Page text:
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This article in AJ

  1. Vol. 86 No. 6, p. 1054-1060
    Received: Mar 14, 1994

    * Corresponding author(s): cpearson@teal.csn.org


Performance of Fall- and Spring-Planted Durum Wheat in Western Colorado

  1. Calvin H. Pearson 
  1. Fruita Res. Ctr., 1910 L Road, Fruita, CO 81521



Several years of fall planting of spring types (non-vernalization requiring) of durum wheat (Triticum turgidum L., durum group) in smallgrain cultivar performance tests in western Colorado have resulted in high grain yields with no observed plant stand losses. Comparison studies between fall and spring plantings of durum wheat have not been conducted. Field studies were conducted during 1988, 1989, and 1990 at the Colorado State University Fruita Research Center near Grand Junction to determine plant response of durum wheat cultivars to planting dates, and to study grain yield and yield component relationships of durum wheat cultivars when planted in the fall, early spring, and late spring. Fall-and early spring-plante durum wheat generally had higher grain yields, test weights, kernel mass, and were taller than late springplanted wheat. Fall-planted durum had fewer kernels per spikelet than wheat in spring plantings and a lower seed N concentration than durum in the late spring planting. Kernels per spikelet and kernel mass had the most consistent and highest direct correlations with grain yield. Our findings indicate that the potential exists to increase the productivity and widen the adaptation of durum wheat by identifying favorable temperate locations and using appropriate planting dates. Winter durum (vernalization-requiring) cultivars developed for the USA would be useful in widening the adaptation and increasing the productivity of this class of wheat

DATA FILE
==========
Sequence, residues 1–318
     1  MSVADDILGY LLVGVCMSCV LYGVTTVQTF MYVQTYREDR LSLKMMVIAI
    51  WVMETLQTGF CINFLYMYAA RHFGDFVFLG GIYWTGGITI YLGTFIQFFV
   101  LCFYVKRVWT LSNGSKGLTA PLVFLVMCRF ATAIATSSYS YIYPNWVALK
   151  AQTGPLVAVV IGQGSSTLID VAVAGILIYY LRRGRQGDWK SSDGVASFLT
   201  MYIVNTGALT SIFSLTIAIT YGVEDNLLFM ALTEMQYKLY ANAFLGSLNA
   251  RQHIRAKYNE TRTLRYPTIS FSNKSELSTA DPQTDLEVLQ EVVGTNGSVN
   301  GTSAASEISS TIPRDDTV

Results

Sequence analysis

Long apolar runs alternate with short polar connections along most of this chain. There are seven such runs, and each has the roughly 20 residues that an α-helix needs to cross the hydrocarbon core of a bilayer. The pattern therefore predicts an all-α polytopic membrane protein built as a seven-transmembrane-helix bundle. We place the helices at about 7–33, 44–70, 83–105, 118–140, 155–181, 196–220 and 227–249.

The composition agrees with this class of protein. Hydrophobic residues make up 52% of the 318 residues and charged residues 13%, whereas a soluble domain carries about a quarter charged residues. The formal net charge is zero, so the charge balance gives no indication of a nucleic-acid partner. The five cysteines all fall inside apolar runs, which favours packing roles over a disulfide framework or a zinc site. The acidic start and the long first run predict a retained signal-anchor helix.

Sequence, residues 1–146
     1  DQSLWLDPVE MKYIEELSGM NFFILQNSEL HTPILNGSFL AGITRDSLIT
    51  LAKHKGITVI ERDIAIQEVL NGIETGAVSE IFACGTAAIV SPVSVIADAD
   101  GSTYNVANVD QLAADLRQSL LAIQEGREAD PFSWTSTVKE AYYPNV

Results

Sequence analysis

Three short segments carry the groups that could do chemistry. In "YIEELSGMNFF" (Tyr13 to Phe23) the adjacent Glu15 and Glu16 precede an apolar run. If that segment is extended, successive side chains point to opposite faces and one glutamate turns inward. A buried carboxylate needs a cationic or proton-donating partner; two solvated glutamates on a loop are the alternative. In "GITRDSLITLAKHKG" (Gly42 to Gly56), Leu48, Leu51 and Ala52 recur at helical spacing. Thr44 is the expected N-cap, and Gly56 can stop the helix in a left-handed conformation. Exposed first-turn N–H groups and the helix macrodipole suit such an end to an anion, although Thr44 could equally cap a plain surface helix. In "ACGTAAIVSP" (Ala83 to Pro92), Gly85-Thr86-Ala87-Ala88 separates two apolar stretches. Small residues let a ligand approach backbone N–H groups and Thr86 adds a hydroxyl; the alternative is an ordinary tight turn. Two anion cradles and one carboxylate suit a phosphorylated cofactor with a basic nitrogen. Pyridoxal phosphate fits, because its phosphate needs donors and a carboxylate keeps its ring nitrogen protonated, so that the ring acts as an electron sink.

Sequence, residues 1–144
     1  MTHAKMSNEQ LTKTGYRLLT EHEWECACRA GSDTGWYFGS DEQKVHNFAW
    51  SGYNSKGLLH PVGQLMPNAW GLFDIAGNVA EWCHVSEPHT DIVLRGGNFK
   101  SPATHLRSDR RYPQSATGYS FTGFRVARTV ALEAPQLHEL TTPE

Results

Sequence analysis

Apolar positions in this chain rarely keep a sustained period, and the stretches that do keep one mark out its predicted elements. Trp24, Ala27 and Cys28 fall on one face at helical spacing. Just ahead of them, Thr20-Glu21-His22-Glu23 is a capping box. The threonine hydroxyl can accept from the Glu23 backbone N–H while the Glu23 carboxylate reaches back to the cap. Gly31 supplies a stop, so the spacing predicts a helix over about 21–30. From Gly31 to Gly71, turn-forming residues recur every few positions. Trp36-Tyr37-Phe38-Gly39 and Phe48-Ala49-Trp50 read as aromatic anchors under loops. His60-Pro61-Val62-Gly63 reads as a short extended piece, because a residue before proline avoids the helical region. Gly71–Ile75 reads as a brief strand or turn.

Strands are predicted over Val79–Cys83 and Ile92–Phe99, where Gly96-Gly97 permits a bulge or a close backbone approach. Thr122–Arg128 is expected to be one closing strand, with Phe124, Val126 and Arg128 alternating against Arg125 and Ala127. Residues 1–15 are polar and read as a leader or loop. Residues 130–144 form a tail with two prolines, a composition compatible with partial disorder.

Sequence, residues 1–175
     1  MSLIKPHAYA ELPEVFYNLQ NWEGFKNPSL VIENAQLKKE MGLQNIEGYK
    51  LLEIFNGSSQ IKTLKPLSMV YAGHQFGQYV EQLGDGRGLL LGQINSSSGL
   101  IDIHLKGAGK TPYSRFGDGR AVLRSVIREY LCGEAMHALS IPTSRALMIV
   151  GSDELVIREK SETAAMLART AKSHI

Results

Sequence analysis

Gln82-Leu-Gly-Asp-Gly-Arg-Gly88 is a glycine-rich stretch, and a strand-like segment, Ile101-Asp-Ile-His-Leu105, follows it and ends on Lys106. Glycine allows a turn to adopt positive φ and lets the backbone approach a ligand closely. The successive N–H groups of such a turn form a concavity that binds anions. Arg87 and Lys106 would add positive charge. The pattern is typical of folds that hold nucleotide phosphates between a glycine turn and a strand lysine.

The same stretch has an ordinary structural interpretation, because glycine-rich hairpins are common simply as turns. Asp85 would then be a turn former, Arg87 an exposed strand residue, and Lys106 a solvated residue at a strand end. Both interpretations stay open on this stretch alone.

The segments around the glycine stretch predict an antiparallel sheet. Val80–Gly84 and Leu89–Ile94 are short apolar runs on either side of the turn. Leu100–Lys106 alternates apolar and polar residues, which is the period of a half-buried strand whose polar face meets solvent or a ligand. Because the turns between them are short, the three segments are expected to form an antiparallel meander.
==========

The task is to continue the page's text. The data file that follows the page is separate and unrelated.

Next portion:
Contribution from the Dep. of Agronomy, Colorado Agric. Exp. Stn. Project no. 15-672. Work supported in part by grants from Mesa and Montrose Counties, Colorado

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